To initiate implementation of National Action Plans on AMR - through intervention research projects or other activities - is very challenging in low- and middle-income countries. This has become very clear in the dialogue that both ReAct and ICARS have had with countries in the African region. Now the two organizations are joining hands in a project focusing on this - the challenges to implement National Action Plans in low resources settings. Learn more about the collaboration and its 6 objectives to move from words into action.
Earlier both ReAct and ICARS have independently established different programs focusing on antimicrobial resistance in low- and middle-income countries now the two will collaborate in a joint project.
Many countries would benefit from instruments that can support them in developing situational analyses – situational analyses that are prioritizing needed actions within the existing settings and prerequisites. To address the gap, ReAct Africa, in collaboration with ICARS, aim to develop and disseminate a Guide to conduct a comprehensive AMR (Antimicrobial Resistance) country analysis with context-specific and applied tools – to support implementation of National Action Plans on AMR in low- and middle-income countries. Zambia will be the pilot country.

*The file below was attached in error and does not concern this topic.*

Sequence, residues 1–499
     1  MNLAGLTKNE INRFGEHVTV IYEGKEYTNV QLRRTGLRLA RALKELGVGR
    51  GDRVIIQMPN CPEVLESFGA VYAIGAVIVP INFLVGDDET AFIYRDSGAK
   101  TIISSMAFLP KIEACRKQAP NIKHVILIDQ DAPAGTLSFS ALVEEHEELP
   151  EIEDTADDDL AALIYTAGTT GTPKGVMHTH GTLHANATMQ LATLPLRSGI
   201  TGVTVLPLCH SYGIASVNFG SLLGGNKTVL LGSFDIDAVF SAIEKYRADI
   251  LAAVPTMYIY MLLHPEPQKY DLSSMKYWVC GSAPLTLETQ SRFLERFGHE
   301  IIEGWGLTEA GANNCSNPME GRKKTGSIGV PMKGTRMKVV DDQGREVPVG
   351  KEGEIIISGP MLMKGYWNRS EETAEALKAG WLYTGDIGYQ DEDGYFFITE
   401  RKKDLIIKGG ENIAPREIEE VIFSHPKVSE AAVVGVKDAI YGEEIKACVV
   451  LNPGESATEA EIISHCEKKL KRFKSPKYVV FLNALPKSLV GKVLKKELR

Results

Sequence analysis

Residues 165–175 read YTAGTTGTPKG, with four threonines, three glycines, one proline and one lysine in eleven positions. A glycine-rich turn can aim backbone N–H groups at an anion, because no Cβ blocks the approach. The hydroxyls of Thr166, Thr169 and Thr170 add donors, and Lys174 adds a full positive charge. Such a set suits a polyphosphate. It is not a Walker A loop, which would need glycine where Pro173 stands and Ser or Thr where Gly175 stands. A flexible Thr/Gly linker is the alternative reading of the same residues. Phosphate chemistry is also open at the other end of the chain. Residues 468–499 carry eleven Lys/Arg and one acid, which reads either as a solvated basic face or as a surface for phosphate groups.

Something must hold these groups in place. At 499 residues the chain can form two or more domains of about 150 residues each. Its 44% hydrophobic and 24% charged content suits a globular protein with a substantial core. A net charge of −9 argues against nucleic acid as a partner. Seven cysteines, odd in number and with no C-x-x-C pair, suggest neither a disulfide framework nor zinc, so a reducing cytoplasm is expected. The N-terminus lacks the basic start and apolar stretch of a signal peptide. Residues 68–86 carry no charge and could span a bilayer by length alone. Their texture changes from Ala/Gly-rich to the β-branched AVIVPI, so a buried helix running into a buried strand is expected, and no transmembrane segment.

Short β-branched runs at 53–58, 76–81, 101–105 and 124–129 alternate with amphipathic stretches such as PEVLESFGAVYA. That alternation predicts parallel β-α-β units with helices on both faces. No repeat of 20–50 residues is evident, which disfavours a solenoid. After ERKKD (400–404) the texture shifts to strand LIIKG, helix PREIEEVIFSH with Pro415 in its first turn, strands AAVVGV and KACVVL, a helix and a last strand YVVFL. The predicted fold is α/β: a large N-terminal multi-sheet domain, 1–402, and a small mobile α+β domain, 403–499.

Dr. Mirfin Mpundu, Director of ReAct Africa, says:
“We are indeed very appreciative and motivated. This collaboration with ICARS provides an opportunity to address the numerous challenges that African countries face in implementing National Action Plans.
The outcomes of this partnership will be exceedingly useful as we continue our work on antimicrobial resistance, both with a local, regional, and global perspective. There is still so much to do and with the support from partners like ICARS we can continue to address antimicrobial resistance – in particular the needs of low- and middle-income countries – using implementation and intervention research.”
Dr Robert Skov, Scientific Director of ICARS says:
“ICARS believes that we can support NAP implementation through contextualized intervention and implementation research projects, and that providing support and practical guidance through ReAct’s existing toolbox – amongst other means – will support countries in developing initiatives based on local situations and priorities.
We are excited to partner with ReAct to collaborate on this important initiative, and to engage with national and sub-national actors to provide contextualized tools that neither organisation could develop alone.”
6 objectives for the ReAct and ICARS project collaboration to help address challenges of implementing National Action Plans on AMR in low- and middle-income countries:
1. ReAct Toolbox
To understand how the ReAct Toolbox is currently used to support implementation of National Action Plans on AMR by low- and middle-income countries and inform improved and complementary resources to support this implementation.
2. Identify needs for tools, processes and guidance in low resource settings